Oil shale was used in Mesopotamia in 3000 BC for road construction and native Canadians used the Athabasca tar sands in the 1700s to waterproof canoes. Yet, only in the past five years has unconventional oil and gas – specifically, shale gas and oil – excited the whole world.
While US energy consumption fell over the past few years, production has soared, thanks largely to the shale revolution
However, for all the promises of cheap oil and gas plus possible energy self-sufficiency for the US and other countries, the reality is more sobering. And duplicating US energy advances elsewhere is far from straightforward.
While US energy consumption fell over the past few years, production has soared, thanks largely to the shale revolution. Yet, oil and gas extraction accounts for just 1.5 per cent of GDP, so even with substantial increases, the impact on the broader economy will be modest. We estimate US growth will be only 0.2 per cent to 0.3 per cent higher a year over the next decade because of the boom in energy production.
Shale gas – not oil – is the really big story in the US and one reason why domestic gas prices have plunged relative to gas prices elsewhere. Whether this price gap can be maintained ultimately depends on US construction of liquid natural-gas export facilities. While energy companies will want to sell gas at the higher global price, there is pressure to keep gas at home for strategic reasons and other US industries – especially chemicals, plastics, metals, wood, and paper products – stand to gain from the discount.
US energy consumption has fallen, but production has risen
The boom is already affecting America’s neighbours. Mexican manufacturers benefit from lower electricity costs, because of cheap imports of US gas, but the impact is more nuanced for Canada. Its oil producers have increased exports to the US by 20 per cent over the past two years but the US shale gas boom, by reducing US imports of natural gas, could lead to Canada increasing gas supplies to Asian markets.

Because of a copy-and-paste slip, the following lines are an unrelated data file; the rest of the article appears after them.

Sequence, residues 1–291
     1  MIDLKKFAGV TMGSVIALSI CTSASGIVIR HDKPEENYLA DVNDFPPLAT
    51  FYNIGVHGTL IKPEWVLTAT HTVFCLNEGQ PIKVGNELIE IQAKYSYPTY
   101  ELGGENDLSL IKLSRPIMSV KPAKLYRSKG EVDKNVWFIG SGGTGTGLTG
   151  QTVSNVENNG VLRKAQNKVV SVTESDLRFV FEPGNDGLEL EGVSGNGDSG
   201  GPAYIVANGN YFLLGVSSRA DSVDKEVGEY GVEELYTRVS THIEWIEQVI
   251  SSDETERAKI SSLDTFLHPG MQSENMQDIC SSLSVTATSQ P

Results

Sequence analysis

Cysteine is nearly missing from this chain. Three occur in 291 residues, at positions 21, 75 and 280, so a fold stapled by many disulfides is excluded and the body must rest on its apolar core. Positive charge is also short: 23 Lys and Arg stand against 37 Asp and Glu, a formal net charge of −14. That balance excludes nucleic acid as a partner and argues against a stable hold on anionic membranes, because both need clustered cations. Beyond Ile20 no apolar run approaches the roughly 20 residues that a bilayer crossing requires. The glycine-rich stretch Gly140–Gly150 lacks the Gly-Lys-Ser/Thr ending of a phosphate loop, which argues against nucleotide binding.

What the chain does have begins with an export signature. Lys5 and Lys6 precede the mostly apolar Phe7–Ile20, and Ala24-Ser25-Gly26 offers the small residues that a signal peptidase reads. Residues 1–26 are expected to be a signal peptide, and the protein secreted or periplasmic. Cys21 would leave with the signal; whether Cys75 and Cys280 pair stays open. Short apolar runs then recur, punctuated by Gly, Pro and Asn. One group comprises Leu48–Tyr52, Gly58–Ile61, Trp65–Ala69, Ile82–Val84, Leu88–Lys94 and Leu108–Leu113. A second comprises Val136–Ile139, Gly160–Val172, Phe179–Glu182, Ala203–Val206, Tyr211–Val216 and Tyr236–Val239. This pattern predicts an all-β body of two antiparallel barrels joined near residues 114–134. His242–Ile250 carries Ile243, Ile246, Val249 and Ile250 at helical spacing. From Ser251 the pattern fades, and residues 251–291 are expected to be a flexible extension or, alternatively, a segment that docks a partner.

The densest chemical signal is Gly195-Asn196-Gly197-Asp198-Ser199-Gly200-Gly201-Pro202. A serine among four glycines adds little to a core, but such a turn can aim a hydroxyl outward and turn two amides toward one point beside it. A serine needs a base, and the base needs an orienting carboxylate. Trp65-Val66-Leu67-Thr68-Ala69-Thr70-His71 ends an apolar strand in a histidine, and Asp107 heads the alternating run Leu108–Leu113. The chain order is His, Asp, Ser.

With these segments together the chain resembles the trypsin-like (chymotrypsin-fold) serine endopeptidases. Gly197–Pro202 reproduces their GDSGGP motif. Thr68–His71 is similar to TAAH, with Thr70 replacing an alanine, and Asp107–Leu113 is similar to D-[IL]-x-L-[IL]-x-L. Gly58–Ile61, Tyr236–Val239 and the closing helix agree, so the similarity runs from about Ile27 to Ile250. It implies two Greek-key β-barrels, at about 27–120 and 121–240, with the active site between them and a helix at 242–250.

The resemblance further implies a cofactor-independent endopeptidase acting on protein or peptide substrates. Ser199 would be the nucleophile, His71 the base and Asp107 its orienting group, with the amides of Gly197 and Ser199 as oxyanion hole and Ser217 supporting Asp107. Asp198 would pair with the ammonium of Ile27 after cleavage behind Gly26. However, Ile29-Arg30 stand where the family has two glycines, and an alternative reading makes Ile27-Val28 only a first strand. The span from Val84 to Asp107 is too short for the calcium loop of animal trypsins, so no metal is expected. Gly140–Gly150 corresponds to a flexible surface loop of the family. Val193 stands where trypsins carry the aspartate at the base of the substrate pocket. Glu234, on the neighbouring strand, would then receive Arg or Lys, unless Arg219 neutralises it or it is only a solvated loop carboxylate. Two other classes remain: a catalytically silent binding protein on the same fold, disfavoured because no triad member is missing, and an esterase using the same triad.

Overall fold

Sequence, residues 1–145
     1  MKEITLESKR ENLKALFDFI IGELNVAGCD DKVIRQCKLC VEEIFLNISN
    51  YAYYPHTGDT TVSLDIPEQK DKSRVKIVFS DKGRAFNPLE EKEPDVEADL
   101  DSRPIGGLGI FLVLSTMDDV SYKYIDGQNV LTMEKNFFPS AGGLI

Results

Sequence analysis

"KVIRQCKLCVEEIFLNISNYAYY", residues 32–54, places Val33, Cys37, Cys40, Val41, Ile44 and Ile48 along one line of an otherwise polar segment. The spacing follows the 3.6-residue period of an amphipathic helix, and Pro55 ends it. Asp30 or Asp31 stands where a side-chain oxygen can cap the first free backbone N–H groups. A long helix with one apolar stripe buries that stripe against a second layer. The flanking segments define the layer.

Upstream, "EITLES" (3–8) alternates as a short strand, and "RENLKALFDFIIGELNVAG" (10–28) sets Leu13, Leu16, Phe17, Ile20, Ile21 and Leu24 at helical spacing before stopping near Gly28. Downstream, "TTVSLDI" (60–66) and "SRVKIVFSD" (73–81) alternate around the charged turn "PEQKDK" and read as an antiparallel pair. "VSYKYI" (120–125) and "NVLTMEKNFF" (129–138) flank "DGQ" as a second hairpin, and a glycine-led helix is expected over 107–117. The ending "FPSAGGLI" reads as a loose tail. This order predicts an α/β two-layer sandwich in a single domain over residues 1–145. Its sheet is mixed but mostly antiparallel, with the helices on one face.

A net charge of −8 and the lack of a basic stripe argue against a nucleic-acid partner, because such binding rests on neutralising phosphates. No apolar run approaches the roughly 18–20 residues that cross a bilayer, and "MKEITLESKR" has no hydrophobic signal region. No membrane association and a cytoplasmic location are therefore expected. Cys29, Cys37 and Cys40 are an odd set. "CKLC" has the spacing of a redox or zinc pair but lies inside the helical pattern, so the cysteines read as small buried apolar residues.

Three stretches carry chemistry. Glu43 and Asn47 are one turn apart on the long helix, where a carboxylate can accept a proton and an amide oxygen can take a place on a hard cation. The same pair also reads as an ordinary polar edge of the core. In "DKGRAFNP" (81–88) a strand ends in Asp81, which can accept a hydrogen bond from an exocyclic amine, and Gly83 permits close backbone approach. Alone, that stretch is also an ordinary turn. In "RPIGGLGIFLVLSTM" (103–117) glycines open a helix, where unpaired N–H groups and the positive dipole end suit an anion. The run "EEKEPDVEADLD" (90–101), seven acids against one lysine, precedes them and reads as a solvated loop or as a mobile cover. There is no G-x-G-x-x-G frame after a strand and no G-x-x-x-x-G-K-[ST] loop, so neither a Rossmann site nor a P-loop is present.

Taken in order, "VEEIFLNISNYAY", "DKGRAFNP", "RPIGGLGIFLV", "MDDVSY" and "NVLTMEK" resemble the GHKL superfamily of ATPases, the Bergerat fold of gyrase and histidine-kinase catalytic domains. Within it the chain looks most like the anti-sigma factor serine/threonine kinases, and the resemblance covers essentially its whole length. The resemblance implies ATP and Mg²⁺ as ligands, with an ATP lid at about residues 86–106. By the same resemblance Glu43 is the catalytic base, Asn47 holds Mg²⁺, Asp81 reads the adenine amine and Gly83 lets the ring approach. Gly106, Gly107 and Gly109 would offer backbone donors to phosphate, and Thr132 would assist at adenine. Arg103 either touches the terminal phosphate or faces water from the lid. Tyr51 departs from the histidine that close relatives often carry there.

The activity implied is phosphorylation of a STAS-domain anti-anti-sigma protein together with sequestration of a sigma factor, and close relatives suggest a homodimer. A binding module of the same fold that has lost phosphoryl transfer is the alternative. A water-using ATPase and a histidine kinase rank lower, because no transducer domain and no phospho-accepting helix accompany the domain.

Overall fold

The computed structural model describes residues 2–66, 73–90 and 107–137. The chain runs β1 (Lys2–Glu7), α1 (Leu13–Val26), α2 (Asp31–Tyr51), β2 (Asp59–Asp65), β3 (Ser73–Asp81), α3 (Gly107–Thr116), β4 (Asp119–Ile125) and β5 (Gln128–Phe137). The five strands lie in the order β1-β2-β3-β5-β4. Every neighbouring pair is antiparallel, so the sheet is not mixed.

Already, exports to the US by the Organisation of Petroleum Exporting Countries (OPEC) producers of light, low-sulphur oil – such as Algeria, Angola, and Nigeria – have dropped by more than half in just two years as US shale oil, with similar properties, has displaced imports.
Other nations have plentiful reserves of unconventional energy but the US is one of the few to turn shale potential into a reality, because of helpful geology, its extractive skills, well-defined property rights, low population densities, plentiful water supplies and incentives for landowners. But some states question the technology, with Maryland, New York and Vermont banning drilling that employs hydraulic fracturing techniques. Overseas, France and Bulgaria have refused to jump on the shale bandwagon despite China, Poland, Canada and the UK showing considerable enthusiasm.
- US shale oil production, almost zero a decade ago, is now 2.2 million barrels a day
- The US overtook Russia as the world’s biggest natural gas producer in 2011
- Shale gas comprised 32 per cent of US natural gas production in 2012, up from 5 per cent in 2006
- The US should become a net exporter of gas by 2020
- Globally, there are 345 billion barrels of recoverable shale oil, according to the US Energy Information Administration
- Russia has most recoverable shale oil, followed by the US, China, Argentina, Libya, Australia, Venezuela, Mexico, Pakistan and Canada
Source: Shale oil and gas: US revolution, global evolution, HSBC Global Research, September 2013
Even for the enthusiasts, there are problems. In China, groundwater contamination is a real risk. Poland’s Lubin Basin now appears to be more hot air than plentiful gas. And local opposition to exploration is strong in the high population density UK. Argentina has large reserves but its persistent abuse of property rights may deter foreign investment. Worldwide, the ‘shale revolution’ sits oddly with environmental concerns over carbon dependency or methane emissions.
There are geopolitics too. An energy self-sufficient US raises questions for the Middle East and Russia – both major energy exporters.
For the Middle East, the big question is the impact on oil prices of greater US self-sufficiency. A weaker OPEC could easily lead to lower oil prices that hit welfare provision in countries already suffering from political unrest. Any US withdrawal from the region risks creating a power vacuum that draws in other international powers.
Russia’s main energy market is currently the European Union, but by mid-century we expect Asia to be its biggest consumer, pointing to further future pipeline diplomacy.
These video and research were first published on 23 September 2013.